It's Saturday morning. My bags are packed - I'm leaving the city to attend a memorial service, rather the Sinhalese version of it - in the mountains. Nuwara Eliya, the "Little London" as it was known then.
I'm waiting for my travel companion - my cousin bro - who seems to have found "last minute matters" to attend to. I get fidgity; I need to do something. So watched a DVD claimed to be the mother of all cannibal movies. Bloody, horrible, not a topic that suits a calm Saturday morning. Nevertheless.
Cannibalism - quite an interesting topic though. The so called "civilised" people vs the "barbarians" of the jungle. Who's civilised and who's not is a great question. Simulated by the argument, my soul is searching for something. Knowledge, love, the meaning of life, happiness - I don't know. Probably, a mix of all that. My soul is hungry.
I feel lonely in the middle of all these people.
I'm looking for a signal from my soul mate. I miss the intectual conversations we used to have. Comparing Buddhism and Christianity, and learning more about human faith.
What we fail to understand is that no matter what "label" your religion carries, they all mean the same thing. We fight for religion, we fight for language, race, country and waht ever our greed hold on to.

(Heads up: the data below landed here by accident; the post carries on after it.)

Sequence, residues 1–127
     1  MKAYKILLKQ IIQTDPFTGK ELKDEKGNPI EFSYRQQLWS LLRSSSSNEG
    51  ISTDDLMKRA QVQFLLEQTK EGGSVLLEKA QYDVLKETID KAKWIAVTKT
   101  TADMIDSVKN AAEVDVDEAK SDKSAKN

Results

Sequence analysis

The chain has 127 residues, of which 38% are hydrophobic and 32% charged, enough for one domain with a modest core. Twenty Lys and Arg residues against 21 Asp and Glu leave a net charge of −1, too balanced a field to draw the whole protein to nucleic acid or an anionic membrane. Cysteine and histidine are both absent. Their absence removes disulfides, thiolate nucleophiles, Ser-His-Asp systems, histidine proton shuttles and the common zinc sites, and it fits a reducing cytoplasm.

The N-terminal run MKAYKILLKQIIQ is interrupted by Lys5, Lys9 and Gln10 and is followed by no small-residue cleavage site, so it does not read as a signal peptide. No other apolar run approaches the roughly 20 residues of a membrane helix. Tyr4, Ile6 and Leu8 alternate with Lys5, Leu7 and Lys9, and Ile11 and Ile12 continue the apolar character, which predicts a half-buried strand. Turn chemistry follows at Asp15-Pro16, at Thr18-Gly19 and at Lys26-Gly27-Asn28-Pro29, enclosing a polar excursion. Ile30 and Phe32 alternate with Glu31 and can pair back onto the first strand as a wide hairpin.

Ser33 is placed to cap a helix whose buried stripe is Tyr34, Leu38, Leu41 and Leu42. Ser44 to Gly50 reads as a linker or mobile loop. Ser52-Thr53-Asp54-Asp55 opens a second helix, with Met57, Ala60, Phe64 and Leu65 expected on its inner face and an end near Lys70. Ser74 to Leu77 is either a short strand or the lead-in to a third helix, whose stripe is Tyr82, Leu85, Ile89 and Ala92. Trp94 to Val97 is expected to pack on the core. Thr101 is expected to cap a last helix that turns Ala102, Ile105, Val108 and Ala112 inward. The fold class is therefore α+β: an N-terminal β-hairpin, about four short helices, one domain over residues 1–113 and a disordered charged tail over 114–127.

Sri Lankans are a great example in fighting for these meaningless things. We are fighting a civil war, fighting for boundaries. Ask a Sinhalese, if we had managed to maintain a united Sri Lanka, would they ever leave their home towns and re-start in the "claimed" land. Ask a "displaced" Tamil in Germany, if he would relocate to Jaffna if he was given the land?
The most probable answer to both questions would be a big "no."
In a day and age where international travel is a regular thing, and bounderies are almost non-existant, we are fighting for them. Killing each other, by the dozen. We, as a nation, must learn to respect each other, respect life.
Tsunami was a great awakening, a sign from Good to remind us how valuable life is. Barely a year later, we have forgotten all that. Today, tsunami has become a big business.
This country needs a miracle. A messayah. A Buddha. A revolution.
I hope we find a way to appreciate life, find forgiveness and find peace in this blessed land. Soon.